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As we scroll through the Eagles' history, one excruciating season after another, there is a common...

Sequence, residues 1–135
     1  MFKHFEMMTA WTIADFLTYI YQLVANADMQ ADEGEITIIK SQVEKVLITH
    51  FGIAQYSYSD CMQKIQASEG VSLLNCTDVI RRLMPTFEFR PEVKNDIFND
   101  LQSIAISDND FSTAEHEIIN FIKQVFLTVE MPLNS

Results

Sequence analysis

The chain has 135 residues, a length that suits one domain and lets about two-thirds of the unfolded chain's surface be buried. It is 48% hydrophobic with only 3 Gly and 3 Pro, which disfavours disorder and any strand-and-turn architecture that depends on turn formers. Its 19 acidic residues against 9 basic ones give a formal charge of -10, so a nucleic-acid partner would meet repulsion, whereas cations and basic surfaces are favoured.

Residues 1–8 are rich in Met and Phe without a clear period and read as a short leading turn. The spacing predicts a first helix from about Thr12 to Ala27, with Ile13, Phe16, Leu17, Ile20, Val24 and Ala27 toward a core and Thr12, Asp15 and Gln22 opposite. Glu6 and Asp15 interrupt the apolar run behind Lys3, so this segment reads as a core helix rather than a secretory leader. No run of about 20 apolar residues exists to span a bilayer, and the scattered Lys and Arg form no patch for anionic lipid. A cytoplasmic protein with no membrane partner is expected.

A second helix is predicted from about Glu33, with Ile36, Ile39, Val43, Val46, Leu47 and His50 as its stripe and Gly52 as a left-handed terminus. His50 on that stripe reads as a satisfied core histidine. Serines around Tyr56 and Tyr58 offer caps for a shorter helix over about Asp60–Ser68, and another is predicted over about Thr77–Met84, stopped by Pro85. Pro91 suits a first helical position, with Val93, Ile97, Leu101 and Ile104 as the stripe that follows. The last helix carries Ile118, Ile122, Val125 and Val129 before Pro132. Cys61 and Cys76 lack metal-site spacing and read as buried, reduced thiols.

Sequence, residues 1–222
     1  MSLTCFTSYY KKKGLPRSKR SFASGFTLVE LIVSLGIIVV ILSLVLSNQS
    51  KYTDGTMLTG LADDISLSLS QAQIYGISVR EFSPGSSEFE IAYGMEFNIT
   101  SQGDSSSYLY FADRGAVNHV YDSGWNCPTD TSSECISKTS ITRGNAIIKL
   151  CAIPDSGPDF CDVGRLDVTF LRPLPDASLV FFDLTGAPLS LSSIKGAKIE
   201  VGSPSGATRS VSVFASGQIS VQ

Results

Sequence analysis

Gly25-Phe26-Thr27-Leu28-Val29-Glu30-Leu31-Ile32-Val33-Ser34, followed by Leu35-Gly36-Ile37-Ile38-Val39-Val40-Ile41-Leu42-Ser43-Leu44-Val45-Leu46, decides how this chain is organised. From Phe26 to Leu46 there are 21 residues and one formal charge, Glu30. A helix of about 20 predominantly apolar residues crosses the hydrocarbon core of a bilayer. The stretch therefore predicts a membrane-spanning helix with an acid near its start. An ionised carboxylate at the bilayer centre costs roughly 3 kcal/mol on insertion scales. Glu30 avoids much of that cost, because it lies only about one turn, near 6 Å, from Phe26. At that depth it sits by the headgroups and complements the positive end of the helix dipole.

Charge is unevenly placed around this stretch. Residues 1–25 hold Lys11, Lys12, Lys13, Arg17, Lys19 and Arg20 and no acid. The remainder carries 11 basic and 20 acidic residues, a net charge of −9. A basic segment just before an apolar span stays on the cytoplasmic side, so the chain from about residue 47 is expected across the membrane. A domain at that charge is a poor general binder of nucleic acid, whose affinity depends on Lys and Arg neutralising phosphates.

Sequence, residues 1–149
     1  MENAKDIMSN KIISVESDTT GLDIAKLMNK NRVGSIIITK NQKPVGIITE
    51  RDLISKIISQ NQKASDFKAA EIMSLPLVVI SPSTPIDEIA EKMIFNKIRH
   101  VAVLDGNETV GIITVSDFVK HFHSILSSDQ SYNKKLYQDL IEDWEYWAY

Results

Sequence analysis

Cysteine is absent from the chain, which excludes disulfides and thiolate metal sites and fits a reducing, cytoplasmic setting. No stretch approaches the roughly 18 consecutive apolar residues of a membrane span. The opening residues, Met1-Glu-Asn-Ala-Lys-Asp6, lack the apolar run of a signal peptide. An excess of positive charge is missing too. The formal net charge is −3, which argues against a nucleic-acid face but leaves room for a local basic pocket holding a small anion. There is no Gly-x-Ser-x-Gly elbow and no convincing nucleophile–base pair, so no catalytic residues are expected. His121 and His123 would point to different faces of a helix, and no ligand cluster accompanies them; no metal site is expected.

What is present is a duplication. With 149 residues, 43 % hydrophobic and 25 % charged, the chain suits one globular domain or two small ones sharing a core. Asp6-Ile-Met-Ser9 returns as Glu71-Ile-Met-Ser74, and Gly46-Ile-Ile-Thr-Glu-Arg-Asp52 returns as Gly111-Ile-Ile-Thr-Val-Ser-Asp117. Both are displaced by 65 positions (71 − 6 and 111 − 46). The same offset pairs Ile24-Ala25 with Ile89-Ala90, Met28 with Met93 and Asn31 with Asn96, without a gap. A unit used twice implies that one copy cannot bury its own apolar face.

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As we scroll through the Eagles' history, one excruciating season after another, there is a common thread at the end of every campaign: A loss in a divisional playoff game. Losses in three consecutive NFC championship games. A loss in Super Bowl XXXIX. A loss in another divisional playoff game. Another conference-title game loss. A loss in the wild-card round. And nearly all of them came with Donovan McNabb at the helm. No surprise there, of course. Philadelphia wouldn't be Philadelphia without McNabb to blame for all that plagues this team, which is something he accepts with as much ease as he accepts all those trade rumors. The thing is, while this city is so quick to blame McNabb, so willing to part ways with a quarterback good enough to tease it into championship relevancy, the one thing that hasn't been said enough is that McNabb did not miss those chances at Super Bowl glory all by himself. Andy Reid was right there by his side. And that's the way it should stay. If, indeed, this city, these fans and the Eagles' organization are idiotic enough to get rid of McNabb, fine. But don't forget to ship the head coach right out of town with him. Insanity has clearly gripped this city. Maybe the Phillies are to blame. After all, they do have a World Series championship in this millennium, with two straight Series appearances. Perhaps Eagles fans have said, "Hey, Phillies fans don't have to wait anymore. So what the heck is going on with this football team?" The thing is, that question can't be asked of McNabb without it being asked of the terse-speaking coach (through news conferences, anyway) who arrived in 1999 and became the head of football operations in 2001 - and still doesn't have a Super Bowl championship on his resume in 11 seasons. So why have there been rumors about McNabb being traded? Who's the guy who picked those players at wideout since Terrell Owens departed in 2006? Who's the guy who has failed to find a durable runner, especially for all those times when Brian Westbrook has been injured? Wasn't it McNabb who passed for 3,553 yards in 14 games this season, guiding the Eagles to yet another playoff appearance? We keep hearing that Reid has declared McNabb "the quarterback of this team." Forgive me for saying this, but where's the love for McNabb from everyone else? Particularly the kind of love constantly expressed for Reid? Reid received a four-year contract extension this season. At the time, Eagles owner Jeffrey Lurie said, "It was inevitable. There's no point waiting" to award the extension. "I've always valued stability." With Reid, that is. With McNabb, the emphasis is placed on winning, evidently. But how can you have one without the other? Reid is 108-67 since arriving in Philadelphia. Lurie is absolutely right: His coach has brought stability to a franchise that had lacked it for quite some time. The Eagles always have heart. Most of the time, they're competitive. And for my money, Reid should stay - as long as no one has a problem with McNabb staying, either. But if you're going to have a problem with McNabb - who has played with a grand total of two big-time receivers (Owens and DeSean Jackson) in his career - you had better have a problem with Reid. Just like Peyton Manning, Tom Brady and now Drew Brees have captured titles that McNabb has not, the same could be said for Tony Dungy, Bill Belichick, and Sean Payton regarding Reid. "It's crazy to be talking about Donovan being in another uniform," Eagles tight end Brent Celek said during Super Bowl week. "Donovan has done so much for our franchise. He is our franchise. I've got faith in all of my teammates. Especially Kevin Kolb, because I know he's going to be a special player someday. But nothing can take away from what Donovan has accomplished for our franchise." McNabb, for all his flaws, is still one of the best quarterbacks in the game. He's still a playmaker, someone opposing defenses have to plan to stop. Let Celek say what he will about Kolb's potential. But talk to me once Kolb becomes a No. 1 option someday. Maybe I'll care. Until then, until Kolb shows a pulse compared with McNabb, perhaps we can put to rest all of these rumors about McNabb's ending up in Arizona, Cleveland, Denver, or possibly Minnesota, in the event that Brett Favre decides to spare us a little drama and finally retire. If not, then maybe it's better for McNabb to hop on the next flight out of town. As long as he takes Reid, his partner in crime, with him. Fair is fair. By Stephen A Smith

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